• Periodic evaluations of pain relief, pain control, functional goals for therapy, functional outcomes, side-effect frequency and intensity, and health-related quality of life will occur.  Use an app or a notebook to track your progress.  This will help you and your doctor have more productive medical visits.
  • How to properly dispose of unused opioids, and medications in general, should include where (i.e., toilet, drug take back locations).

A patient education training covering all REMS elements should be required for all patients receiving an opioid medication.   


All opioids should be an abuse deterrent formulation, even methadone.   


Study using a personalized medicine approach (i.e., genetic testing by PROOVE).  If more precise prescribing by matching patients with the right medication and dosages results in better pain relief and management, this could lead to a requirement that all patients have a genetic test before receiving an opioid so a prescriber knows the potential effectiveness before prescribing.


Physicians should be encouraged to prescribe opioids as part of an integrative treatment plan and not as a stand-alone intervention.


Thank you, again, for your time and service on these weighty issues.  We are depending on you to balance the two issues of pain and addiction in your recommendations.   


Sincerely yours,  


Jan Favero Chambers, President and Founder
National Fibromyalgia & Chronic Pain Association

On March 18, 2016, the National Pain Strategy was released.  The National Fibromyalgia & Chronic Pain Association is very concerned that the NPS was not funded nor assigned to a federal agency.  Please join us in advocacy efforts to implement the NPS by becoming a member of Allies Against Pain to receive specific calls to action. Join the Allies here. To read the NPS, please click here.

The U.S. government’s first coordinated plan is a roadmap to achieve a system of care in which all people receive appropriate, high quality and evidence-based care for pain.  These efforts will build on the current work underway at HHS to equip providers with the tools and information they need to make informed patient-centered treatment decisions that include safer and appropriate opioid prescribing.

The goals of the National Pain Strategy can be achieved through a broad effort in which better pain care is provided, along with safer prescribing practices, such as those recommended in the recently released  CDC Guideline for Prescribing Opioids for Chronic Pain. 

Click here for the National Pain Strategy.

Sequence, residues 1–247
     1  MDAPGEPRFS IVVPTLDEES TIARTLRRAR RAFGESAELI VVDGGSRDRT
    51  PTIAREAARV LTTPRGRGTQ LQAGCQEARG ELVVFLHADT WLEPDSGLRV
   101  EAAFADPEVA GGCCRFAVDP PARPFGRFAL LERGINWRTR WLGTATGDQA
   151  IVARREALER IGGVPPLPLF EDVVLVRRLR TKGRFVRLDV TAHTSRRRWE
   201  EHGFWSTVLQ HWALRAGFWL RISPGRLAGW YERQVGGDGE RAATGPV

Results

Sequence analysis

Click here for the CDC Guidelines.

 

Jan Favero Chambers 5-minute Public Comments May 4, 2016 in Silver Spring, MD, White Oaks Campus May 3-4, 2016: Joint Meeting of the Drug Safety and Risk Management Advisory Committee and the Anesthetic and Analgesic Drug Products Advisory Committee Meeting Re:  REMS


My name is Jan Chambers. I am the president and founder of the National Fibromyalgia & Chronic Pain Association. I have no relevant relationships to declare. Thank you for your service and the opportunity to make public comment.


Pain is a disease with neuroplasticity that increases over time if not treated. Undertreated and unmanaged pain has clinical, psychological and social consequences, including limitations in life activities, lost work productivity, reduced quality of life and stigmatization.  Families become care providers and relationships get burned out.


Chronic pain affects 100 million American adults.  Our organization conducted a 2015 survey of chronic pain patients with 6420 responders and was published in Pain Medicine of the American Academy of Pain Medicine in December 2015.  This survey was the only snapshot captured of the “unintended consequences” to people with chronic pain 100 days after the rescheduling of hydrocodone from Schedule III to II. We are now conducting the second part of that survey one year after rescheduling.


I’ll give you some statistics from that report since the rescheduling:

  • 1462 (27.2%) reported having thoughts of suicide
  • Of those who could no longer get hydrocodone, 
    • 1067 (18.1%) borrowed pain medications
    • 1007 (17.1%) turned to marijuana
    • 773 (13.1%) used alcohol
    • 135 (2%) used illicit drugs
  • Most (64.2%) respondents had to visit their healthcare providers more often
  • 1735 (30.3%) reported some type of issue interacting with their pharmacy